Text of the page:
Onawa Lake from Borestone Mountain, photo by Carey Kish

The Moosehead Pinnacle Pursuit


From my airy perch on Mt. Kineo, feeling the intense exposure of the dramatic 700-foot cliff face of granite below me, I enjoyed one of the finest vistas anywhere in Maine’s North Woods. The misty gray afternoon skies served only to enhance the wildness that characterizes the magnificent view across the vast waters of Moosehead Lake to a veritable sea of mountains north, east and south.

It’s little wonder then, I thought, that Mt. Kineo is one of the mountains featured in the Moosehead Pinnacle Pursuit, which challenges hikers to scale six high peaks around Maine’s largest lake. Each summit provides a unique vantage point for appreciating the immense natural beauty and unspoiled quality of the Moosehead Lake region, much of which enjoys conservation protection.

The Moosehead Pinnacle Pursuit was developed as another avenue to drive nature-based tourism to our region,” said Angela Arno, Executive Director of the Moosehead Lake Chamber of Commerce.

Arno collaborated with Dan Rinard, Operations and Facilities Manager for the Appalachian Mountain Club, which is involved in its own eco-tourism effort through its Maine Woods Initiative project on its 70,000 acres of conservation and recreation land in the heart of the 100-Mile Wilderness. Arno and Rinard sorted through the region’s extensive inventory of mountaintops, finally settling on six peaks with maintained foot trails that were accessible by road year-round.

The Maine Center for GIS (the folks that brought you the Maine Trail Finder) created the maps, while the Chamber had a colorful trails guide produced and a website established. For each mountain, hikers get driving directions, round-trip trail mileage, elevation gain and trail profiles, everything you need to hit the trail. You need only lace up your hiking boots, shoulder a day pack and go: to Mt. Kineo, Number Four Mountain, White Cap Mountain, Eagle Rock, Big Moose Mountain and Borestone Mountain.

Enjoy an extraordinary vista from the summit ledges and steel rungs of the old fire tower atop Number Four Mountain (2,890 feet), which looms over the wild landscape just south of First Roach Pond and includes the rugged slopes of Lily Bay and Baker mountains. For many years, the only trail to the top was the steep and eroded fire warden’s trail, but the path has been recently rehabilitated by a Maine Conservation Corps trail crew under the direction of the Bureau of Parks and Lands. A series of well-designed switchbacks now make the hike a little easier and much more enjoyable.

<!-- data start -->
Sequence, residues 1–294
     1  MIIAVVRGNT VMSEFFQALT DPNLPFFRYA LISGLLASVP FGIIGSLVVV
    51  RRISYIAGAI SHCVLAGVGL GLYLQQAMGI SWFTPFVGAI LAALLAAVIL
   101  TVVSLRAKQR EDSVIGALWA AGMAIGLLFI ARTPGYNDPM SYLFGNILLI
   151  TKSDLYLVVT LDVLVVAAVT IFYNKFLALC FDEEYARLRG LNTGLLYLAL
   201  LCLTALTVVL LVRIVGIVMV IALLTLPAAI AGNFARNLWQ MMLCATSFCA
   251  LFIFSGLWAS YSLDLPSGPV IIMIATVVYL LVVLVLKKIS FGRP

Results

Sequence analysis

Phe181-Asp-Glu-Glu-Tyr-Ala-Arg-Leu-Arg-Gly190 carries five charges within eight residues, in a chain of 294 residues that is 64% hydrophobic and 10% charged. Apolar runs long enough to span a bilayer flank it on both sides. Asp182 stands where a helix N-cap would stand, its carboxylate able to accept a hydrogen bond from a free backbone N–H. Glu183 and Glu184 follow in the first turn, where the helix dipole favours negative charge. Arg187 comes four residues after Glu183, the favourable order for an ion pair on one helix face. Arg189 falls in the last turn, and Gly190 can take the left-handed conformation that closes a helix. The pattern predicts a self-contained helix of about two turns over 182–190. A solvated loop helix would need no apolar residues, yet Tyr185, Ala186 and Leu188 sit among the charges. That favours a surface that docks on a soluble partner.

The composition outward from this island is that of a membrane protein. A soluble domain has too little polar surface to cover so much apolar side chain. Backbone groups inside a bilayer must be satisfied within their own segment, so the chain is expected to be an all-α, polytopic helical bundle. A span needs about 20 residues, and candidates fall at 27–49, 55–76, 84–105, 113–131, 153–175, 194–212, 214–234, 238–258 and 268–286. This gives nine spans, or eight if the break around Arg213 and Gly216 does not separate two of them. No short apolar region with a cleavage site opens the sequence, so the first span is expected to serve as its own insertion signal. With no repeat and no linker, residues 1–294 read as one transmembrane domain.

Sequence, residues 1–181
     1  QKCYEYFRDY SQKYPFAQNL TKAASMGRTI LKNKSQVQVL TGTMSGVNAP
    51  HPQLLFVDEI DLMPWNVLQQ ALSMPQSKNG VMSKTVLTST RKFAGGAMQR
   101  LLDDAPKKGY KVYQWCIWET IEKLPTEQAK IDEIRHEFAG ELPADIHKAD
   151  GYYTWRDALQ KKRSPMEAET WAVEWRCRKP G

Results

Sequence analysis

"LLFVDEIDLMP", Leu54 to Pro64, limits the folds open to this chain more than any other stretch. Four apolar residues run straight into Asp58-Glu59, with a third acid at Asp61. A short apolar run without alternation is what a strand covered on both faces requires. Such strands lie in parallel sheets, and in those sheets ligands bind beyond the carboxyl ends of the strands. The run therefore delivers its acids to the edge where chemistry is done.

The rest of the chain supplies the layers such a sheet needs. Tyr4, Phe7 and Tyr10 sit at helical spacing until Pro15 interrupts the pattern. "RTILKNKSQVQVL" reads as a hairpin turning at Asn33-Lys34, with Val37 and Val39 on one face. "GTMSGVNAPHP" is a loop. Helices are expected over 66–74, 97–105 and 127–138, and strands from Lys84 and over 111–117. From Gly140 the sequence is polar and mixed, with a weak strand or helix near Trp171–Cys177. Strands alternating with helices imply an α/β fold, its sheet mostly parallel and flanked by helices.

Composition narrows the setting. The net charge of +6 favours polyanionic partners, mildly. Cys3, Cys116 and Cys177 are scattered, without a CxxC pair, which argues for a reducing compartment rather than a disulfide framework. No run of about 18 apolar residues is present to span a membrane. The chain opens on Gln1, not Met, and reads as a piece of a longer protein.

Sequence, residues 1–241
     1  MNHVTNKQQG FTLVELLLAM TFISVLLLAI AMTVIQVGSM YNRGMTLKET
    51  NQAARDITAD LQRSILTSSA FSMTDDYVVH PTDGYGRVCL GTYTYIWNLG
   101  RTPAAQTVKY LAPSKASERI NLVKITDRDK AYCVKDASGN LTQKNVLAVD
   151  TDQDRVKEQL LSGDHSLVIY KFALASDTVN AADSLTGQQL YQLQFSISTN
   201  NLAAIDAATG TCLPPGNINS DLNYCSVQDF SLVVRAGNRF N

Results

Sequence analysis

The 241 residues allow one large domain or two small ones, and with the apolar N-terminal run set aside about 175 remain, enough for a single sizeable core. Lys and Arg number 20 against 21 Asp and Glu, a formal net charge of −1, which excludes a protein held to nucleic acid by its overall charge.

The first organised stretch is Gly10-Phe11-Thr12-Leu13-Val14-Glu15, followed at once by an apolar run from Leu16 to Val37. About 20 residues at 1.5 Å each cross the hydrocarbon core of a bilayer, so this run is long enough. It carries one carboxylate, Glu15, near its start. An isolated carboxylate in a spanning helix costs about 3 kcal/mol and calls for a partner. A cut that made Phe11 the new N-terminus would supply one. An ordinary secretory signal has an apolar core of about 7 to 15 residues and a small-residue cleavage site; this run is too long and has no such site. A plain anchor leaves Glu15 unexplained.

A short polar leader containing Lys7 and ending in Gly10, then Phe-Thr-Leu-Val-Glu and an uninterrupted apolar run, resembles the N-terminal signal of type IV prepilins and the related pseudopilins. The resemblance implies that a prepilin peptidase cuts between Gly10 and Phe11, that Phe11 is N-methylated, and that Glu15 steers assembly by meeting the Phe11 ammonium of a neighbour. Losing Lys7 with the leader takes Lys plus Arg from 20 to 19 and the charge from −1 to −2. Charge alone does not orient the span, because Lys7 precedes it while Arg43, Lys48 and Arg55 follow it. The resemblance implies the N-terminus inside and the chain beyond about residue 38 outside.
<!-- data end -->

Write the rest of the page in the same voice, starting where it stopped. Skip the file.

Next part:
The most remote of the six peaks is White Cap Mountain (3,644 feet), which requires a 31-mile drive to reach its base, nearly half of that on gravel roads. The mountain is also the most strenuous, with an elevation gain of 1,909 feet over the course of the 3.3-mile climb to the alpine summit. The ascent follows the white blazes of the renowned Appalachian Trail on part of its 2,189-mile route from Georgia to Maine. Anytime from about midsummer on, you’re likely to cross paths with a grizzled thru-hiker, now less than 100 miles from the big prize at journey’s end, Katahdin, in clear view from the rocks above the treeline high on White Cap.

From the pinnacle of Eagle Rock (2,290 feet), you’re rewarded with an exhilarating top-of-the-world view that captures everything from the upper Kennebec River valley and Moosehead Lake to the vast forestlands and mountain peaks as far north as Baxter State Park. An informal trail has existed for years on the north side of Eagle Rock, but thanks to the handiwork of the Maine Conservation Corps, a new route has been opened from the south, a meandering path with a healthy dose of ups and downs. Raven Ledge part way along offers a nice preview of what lies ahead at trail’s end.

Big Moose Mountain (3,196 feet) is the crown jewel among the 13,500 acres of the Little Moose Public Reserved Land, rising prominently above the thick woods, jumbled hills and sparkling ponds. Site of the first fire tower in the United States in 1905, the steel tower erected in 1919 to replace the original wooden structure was carefully removed in 2011. The restored tower now adorns the lawn outside the Moosehead Chamber of Commerce office on Route 15 on the way into Greenville. Revel in the marvelous views of the region from the narrow summit ridge, including a look at the slopes of the revitalized Squaw Mountain Ski Area.

Amid 1,600 acres owned by Maine Audubon, the craggy twin peaks of Borestone Mountain (1,981 feet) feature spectacular views over Onawa Lake to the rough, undulating terrain of the Barren-Chairback Range and beyond into the famed 100-Mile Wilderness. On the eastern summit are the iron bolts of the former fire tower and a map and compass display that helps you to identify every mountain in a complete 360-degree arc. Halfway up the mountain is Sunrise Pond and the Robert T. Moore Visitor Center, where interpretive displays detail the fascinating human and natural history of the area.

Hikers who tackle the entire Moosehead Pinnacle Pursuit are eligible for a patch, sticker and certificate noting the accomplishment, all for the price of an application form and small fee. There’s no time limit on the Pursuit, so you’ve got all summer and fall. Up the adventure ante by pursuing the Ultra, Winter and Winter Ultra challenge options. Get started at www.mooseheadpinnaclepursuit.com.

Carey Kish of Mt. Desert Island is editor of the AMC Maine Mountain Guide, author of AMC’s Best Day Hikes Along the Maine Coast, and writes a regular hiking column for the Maine Sunday Telegram.

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